E-waste recycler: Recycling seems like a safe, earthy-crunchy activity. However, as people break down those old cell phones, tablets and television sets for such precious metals as gold, silver and palladium, the processes often release heavy metals such as mercury, lead, cadmium and beryllium -- substances that can cause neurological problems. Much of the work is done by children in India, but also by inmates in U.S. prisons, notes PC World. According to the BLS, refuse and recyclable material collectors saw 22.8 deaths per 100,000 in the U.S., making even collecting the materials risky.

Internet content moderator: Big tech companies that help convey messages and other information inevitably end up having to deal with those whose communications are not only rude and repulsive but might be illegal. At the very least, content moderators are on guard against insults and libel, but it can get much uglier. A Google employee reportedly spent a year screening the search engine for disturbing things such as child pornography and images of beheadings -- then was let go. The child porn reportedly ran to 15,000 images a day, which he said put him into a "really dark place."

Energy

Mining worker: Whether it's extracting coal, oil or gas on land or at sea, mining is a dangerous task. According to OSHA, the overall occupation saw 15.8 fatalities per 100,000 workers in 2011. It trailed only agriculture, forestry, fishing and hunting. More specifically, according to the BLS, oil and gas extraction saw 15.5 deaths per 100,000 in 2011. For coal mining, the figure was 29.5.

Electrical power line workers: Install or repair, you're at risk when you're high off the ground and eye-to-eye with high voltage lines. The BLS says that in 2011, this occupation saw 29.1 deaths per 100,000 workers. With a national push to create a so-called "smart" electrical grid, expect the amount of work, and chances of injury, to increase.

Health Care

Nurse: According to Health magazine, nurses see high rates of depression, as do all health care workers. The BLS suggests that problems are also physical and not just emotional. When out from work because of non-fatal injuries or illness (135.7 cases per 10,000), 42.3 percent of the cases lasted longer than 10 days.

Nursing aides, orderlies, and attendants: If you think nurses get sick and injured frequently, this group is out far more often: an incident rate of 443.9 per 10,000 in 2011, with a median number of days away from work of 5. About 20 percent of the time it was for falls, trips and slips, while 56 percent of the time was for "overexertion and bodily reaction."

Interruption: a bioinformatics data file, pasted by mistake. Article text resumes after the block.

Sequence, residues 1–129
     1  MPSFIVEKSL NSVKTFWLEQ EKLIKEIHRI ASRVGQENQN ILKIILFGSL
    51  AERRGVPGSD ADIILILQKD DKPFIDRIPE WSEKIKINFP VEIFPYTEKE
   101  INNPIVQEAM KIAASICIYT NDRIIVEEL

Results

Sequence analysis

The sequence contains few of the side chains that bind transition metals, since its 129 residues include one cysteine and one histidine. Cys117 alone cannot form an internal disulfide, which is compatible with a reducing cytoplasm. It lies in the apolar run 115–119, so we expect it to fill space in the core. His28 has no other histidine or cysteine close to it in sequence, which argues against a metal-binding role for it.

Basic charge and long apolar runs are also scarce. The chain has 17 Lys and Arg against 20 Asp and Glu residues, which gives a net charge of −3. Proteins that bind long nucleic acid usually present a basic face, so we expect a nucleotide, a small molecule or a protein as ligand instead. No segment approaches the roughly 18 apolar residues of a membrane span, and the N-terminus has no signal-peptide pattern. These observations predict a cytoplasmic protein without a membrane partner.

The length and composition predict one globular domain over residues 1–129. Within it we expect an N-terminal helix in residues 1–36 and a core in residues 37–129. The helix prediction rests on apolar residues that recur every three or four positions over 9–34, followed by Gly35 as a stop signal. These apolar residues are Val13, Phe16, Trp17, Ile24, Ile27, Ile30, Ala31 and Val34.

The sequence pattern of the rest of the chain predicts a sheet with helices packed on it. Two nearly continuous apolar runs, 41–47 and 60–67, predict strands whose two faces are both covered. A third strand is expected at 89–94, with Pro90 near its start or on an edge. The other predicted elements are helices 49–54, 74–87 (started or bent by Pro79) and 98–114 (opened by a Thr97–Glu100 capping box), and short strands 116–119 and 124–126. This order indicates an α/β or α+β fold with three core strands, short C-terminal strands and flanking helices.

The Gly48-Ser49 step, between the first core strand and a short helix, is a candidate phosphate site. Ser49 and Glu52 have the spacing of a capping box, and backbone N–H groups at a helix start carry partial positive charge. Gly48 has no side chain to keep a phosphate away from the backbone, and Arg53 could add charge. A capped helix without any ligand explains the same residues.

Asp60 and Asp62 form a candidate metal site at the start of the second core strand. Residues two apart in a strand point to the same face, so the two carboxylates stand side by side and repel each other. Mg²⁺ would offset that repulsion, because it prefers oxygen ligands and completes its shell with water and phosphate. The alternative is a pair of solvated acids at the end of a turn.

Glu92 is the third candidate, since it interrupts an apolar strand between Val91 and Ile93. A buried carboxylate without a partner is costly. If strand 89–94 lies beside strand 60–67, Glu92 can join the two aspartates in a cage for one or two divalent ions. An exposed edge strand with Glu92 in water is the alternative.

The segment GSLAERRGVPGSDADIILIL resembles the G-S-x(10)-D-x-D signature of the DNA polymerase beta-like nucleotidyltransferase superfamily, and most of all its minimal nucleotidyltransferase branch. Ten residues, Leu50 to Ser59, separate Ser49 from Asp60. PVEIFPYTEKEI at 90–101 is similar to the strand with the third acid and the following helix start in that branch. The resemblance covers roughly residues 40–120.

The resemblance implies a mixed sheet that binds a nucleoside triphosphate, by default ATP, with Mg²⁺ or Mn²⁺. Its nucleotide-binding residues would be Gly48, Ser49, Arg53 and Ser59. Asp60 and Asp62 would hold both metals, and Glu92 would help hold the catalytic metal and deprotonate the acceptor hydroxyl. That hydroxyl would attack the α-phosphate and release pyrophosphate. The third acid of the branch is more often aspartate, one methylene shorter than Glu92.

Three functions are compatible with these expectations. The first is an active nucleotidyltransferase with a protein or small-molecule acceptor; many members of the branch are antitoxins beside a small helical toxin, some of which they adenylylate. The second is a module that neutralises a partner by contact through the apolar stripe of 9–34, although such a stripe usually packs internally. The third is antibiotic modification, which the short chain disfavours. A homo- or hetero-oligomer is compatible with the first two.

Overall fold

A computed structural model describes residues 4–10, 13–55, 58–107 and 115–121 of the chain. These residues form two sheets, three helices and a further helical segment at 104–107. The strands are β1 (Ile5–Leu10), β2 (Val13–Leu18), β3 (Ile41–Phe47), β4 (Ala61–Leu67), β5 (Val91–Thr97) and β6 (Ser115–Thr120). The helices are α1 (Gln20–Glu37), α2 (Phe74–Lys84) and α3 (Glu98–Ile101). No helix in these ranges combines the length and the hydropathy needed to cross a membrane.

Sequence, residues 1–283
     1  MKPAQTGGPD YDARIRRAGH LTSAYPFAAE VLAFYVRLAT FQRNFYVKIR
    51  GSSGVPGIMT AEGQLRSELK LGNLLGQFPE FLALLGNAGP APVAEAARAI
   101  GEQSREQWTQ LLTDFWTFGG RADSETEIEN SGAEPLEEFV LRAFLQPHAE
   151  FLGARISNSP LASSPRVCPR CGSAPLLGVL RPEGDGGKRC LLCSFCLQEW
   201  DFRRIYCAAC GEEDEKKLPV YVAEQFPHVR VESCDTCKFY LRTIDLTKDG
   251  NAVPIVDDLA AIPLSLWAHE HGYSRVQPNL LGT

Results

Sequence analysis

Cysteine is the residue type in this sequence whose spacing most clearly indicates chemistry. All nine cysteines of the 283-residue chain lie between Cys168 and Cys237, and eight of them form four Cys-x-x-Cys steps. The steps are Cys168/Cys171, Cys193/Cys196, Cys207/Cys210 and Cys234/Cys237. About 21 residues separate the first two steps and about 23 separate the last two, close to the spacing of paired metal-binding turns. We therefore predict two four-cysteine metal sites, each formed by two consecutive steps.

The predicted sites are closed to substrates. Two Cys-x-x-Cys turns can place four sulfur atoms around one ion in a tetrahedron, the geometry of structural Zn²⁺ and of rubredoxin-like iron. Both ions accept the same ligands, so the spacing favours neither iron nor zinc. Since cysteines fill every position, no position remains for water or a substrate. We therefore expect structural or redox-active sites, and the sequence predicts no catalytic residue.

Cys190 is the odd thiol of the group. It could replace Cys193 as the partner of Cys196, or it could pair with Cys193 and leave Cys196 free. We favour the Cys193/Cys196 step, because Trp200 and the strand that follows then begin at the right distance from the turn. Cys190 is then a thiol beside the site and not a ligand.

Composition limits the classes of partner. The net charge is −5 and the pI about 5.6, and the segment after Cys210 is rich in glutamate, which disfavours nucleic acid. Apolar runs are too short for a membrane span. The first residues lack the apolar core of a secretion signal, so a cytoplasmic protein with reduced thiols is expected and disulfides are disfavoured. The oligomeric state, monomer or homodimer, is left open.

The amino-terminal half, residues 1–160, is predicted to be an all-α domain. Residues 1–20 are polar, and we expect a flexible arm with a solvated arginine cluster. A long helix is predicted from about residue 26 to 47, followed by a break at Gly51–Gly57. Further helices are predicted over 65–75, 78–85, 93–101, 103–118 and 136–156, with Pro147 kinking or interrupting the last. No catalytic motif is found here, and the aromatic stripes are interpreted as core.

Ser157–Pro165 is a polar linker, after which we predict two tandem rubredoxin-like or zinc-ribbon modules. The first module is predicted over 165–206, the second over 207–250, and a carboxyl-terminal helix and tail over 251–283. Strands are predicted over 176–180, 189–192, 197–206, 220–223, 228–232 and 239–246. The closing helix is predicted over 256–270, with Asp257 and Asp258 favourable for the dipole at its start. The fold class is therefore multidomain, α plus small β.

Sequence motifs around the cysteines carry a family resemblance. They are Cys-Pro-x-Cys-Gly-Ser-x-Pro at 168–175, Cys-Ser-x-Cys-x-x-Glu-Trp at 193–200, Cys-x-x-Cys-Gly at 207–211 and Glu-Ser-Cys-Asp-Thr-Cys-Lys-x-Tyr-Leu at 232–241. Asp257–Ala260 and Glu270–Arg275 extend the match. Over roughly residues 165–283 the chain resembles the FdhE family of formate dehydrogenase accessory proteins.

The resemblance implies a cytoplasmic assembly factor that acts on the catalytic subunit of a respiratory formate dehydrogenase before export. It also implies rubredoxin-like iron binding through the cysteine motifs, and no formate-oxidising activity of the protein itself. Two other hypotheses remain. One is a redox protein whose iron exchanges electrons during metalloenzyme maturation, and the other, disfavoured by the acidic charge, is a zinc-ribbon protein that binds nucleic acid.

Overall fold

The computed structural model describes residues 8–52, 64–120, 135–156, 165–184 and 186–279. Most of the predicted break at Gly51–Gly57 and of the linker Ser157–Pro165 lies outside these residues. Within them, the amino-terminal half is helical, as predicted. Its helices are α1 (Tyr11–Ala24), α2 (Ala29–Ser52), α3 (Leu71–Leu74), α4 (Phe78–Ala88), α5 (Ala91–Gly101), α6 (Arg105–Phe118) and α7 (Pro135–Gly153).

Nursing home workers: Nursing home workers are also susceptible to depression, according to Health Magazine, with 11 percent reporting major depression within the past year, compared to 7 percent in the general population.

Service

Cashier: Cashiering is hazardous? According to the BLS, cashiers are remarkably high up -- 20th out of all jobs -- for non-fatal injuries and illnesses requiring days off from work. In 2011 (2012 figures aren't out yet), 27.8 percent of the cases lasted 31 days or more, and the median number of days off was 7. That's a lot of time without pay. Maybe it's the double threat of carpal tunnel syndrome, which often affects people who perform repetitive motions such as running a register, and whatever viruses people breathe on you when they buy something. If you've ever heard a cashier saying, "This job is making me sick," it could literally be true.

Fast food workers: There are two types of problems that fast food workers face. First, consider the emotional toll. According to Health magazine, food service positions are, in general, among the most depressing in the country. Everyone is telling you what to do, often under time pressure. According to Health's study, about 10 percent of food service workers experienced serious depression within the previous year. If you just look at women in the field, the rate climbs to 15 percent. Now for the kicker: It pays really poorly. Although it's the third most common job in the country, fast food workers in 2012 had the lowest annual mean wage of $18,720. Even wait staff and cashiers average more at $21,000 annually. No wonder fast food workers get depressed.

Financial advisers and accountants: This is another job with a high rate of depression, according to Health magazine, although the publication did not indicate the incidence rate. What's to be depressed about when looking at money? First of all, it's someone else's dough. If you deal with prosperous clientele, you're got details that from a materialistic standard put you thoroughly in your place. And, as mental health counselor Deborah Legge told Health, "There is so much responsibility for other people's finances and no control of the market."

Fastest Growing Industries In America